Most people don’t realize or seriously accept that becoming a consistently profitable trader requires specific tactical and mental skills. There are so many trading programs, services, and platforms out there that try to make trading seem so easy, and it tricks people into thinking that it won’t take any hard work. As long as they subscribe to some guru, chat room, or alert service, they’ll be successful – but it just doesn’t work like that. If it were that easy, the success rate wouldn’t be so low.
It also doesn’t help that there are virtually no barriers to market entry. Pretty much anybody – without any form of preparation or training – can open up a brokerage account tomorrow with their own money and start placing random trades. On top of that, some of those trades could end up being winners out of sheer luck/coincidence. With absolutely no physical labor required – just clicking a few buttons. But over time – and usually pretty quickly – the market has a funny way of humbling unprepared/untrained individuals with painful emotional and financial lessons.
This is why my top overall recommendation for trading education is 2ndSkies Trading – because they focus so heavily on training to build core tactical and mental trading skills. I’ve used dozens of services in the past and haven’t come across one that approaches trader development so genuinely and effectively. Chris Capre, who runs 2ndSkies, has incredible technical skills and trades multiple markets, instruments, and time frames (stocks, options, forex, day trading, swing trading, position trading, etc.). He’s a true multi-asset class trader with two decades of experience. His mentorship is something I wish I had when I first got started – instead of falling down the treacherous path of stock alert services.
The stock maket can be a battle field especially for beginners, one should be mindful and avoid setting goals that are not realistic. You should not go into trading blindly, get all the necessary trainning requirred. To be successful you have to be consitant and dedicated. Thank you for sharing the truth on how to make a living day trading stocks.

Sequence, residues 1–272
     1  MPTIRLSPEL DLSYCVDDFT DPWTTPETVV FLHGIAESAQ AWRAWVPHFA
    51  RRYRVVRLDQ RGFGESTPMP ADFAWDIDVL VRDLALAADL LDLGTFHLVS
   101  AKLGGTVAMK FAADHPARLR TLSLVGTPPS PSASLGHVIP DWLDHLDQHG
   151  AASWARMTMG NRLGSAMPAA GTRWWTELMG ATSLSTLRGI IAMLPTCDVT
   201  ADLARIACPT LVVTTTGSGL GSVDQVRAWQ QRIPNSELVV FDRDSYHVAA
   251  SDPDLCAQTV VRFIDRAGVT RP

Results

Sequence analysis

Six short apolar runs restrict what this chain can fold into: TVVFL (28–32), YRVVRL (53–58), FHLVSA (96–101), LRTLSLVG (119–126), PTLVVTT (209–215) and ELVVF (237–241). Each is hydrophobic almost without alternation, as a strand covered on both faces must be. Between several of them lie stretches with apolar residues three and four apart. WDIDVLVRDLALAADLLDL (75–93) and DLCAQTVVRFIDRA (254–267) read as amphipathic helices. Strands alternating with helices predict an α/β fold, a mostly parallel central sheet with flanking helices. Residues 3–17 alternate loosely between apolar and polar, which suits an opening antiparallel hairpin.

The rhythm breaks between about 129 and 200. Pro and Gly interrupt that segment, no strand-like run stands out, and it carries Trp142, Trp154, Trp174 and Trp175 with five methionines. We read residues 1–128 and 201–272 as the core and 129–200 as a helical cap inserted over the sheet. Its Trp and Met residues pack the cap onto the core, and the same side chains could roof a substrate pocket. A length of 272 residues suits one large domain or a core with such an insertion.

This has been a very useful post. I particularly liked the section where you talk about trading vs. investing. Trading is not for everybody. There is a mental toughness required to be able to keep up with what we plan. And in most cases things don’t come out as we anticipated. But there is where a good plan helps us.
Day trading is not only very scary for me, but could be a very risky way of trading. I prefer being an investor, rather than a trader, most probably because I do it for long term benefits, rather than immediate rewards, which could be losses. I did find this post on how to make a living by trading day stocks to be very educational and helpful. Is there a difference between what you call day stocks, and other stocks?
Matt Thomas says
Both trading and investing can seem scary to a lot of people – that’s completely normal. It’s usually from a lack of understanding of how the market works and being out of alignment with true market characteristics. One unavoidable aspect of the market environment (and also life in general) is uncertainty, meaning there are no guarantees on any individual trades or investments. This is something a lot of people have trouble dealing with. Certainty makes us feel safe – we crave it. Uncertainty makes us feel vulnerable – we fear it.